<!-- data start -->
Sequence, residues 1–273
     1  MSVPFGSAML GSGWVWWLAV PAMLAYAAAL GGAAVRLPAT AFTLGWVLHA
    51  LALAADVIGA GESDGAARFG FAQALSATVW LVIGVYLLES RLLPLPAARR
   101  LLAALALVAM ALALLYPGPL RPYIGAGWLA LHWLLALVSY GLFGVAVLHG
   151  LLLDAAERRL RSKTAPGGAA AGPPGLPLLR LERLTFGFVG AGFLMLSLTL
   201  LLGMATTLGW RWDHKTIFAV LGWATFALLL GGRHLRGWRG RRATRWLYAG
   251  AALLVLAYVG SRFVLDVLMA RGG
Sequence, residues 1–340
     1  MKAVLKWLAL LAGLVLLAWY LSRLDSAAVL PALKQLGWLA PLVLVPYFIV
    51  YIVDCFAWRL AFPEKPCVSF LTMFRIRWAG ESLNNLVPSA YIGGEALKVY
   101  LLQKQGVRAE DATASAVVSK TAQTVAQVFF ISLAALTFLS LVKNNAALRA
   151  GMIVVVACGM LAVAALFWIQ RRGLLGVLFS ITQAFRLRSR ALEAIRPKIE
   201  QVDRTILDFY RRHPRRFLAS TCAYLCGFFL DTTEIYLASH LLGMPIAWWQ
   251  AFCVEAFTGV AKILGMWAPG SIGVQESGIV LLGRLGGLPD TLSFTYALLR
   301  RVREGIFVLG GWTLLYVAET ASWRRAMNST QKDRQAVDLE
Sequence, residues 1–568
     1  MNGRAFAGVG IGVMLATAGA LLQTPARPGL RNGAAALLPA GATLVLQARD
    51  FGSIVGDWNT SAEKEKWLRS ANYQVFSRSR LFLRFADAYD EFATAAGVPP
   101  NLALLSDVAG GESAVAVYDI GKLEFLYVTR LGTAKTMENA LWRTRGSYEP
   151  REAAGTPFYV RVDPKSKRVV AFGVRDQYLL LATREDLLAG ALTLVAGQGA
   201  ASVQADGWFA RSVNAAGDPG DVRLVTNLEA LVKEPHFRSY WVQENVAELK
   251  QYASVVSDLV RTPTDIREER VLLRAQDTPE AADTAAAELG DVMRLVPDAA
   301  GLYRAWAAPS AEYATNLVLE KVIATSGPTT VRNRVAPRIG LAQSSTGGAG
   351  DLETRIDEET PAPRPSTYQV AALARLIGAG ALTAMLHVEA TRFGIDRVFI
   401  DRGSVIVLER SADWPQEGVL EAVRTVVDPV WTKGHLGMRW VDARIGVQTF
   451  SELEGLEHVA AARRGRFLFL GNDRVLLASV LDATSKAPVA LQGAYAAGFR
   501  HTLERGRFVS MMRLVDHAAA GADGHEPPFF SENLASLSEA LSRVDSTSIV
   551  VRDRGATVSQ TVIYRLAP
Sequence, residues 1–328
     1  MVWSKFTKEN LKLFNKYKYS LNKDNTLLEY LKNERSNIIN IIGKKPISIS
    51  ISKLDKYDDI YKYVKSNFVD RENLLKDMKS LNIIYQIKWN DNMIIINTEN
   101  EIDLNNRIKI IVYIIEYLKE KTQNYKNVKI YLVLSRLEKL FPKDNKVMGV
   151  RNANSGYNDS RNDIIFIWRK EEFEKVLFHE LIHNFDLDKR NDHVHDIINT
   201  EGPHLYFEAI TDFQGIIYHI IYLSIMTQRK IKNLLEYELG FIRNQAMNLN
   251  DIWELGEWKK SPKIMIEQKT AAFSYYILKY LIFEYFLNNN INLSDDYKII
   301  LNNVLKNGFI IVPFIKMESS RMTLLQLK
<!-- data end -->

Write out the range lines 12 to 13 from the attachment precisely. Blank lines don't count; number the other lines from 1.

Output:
   151  GMIVVVACGM LAVAALFWIQ RRGLLGVLFS ITQAFRLRSR ALEAIRPKIE
   201  QVDRTILDFY RRHPRRFLAS TCAYLCGFFL DTTEIYLASH LLGMPIAWWQ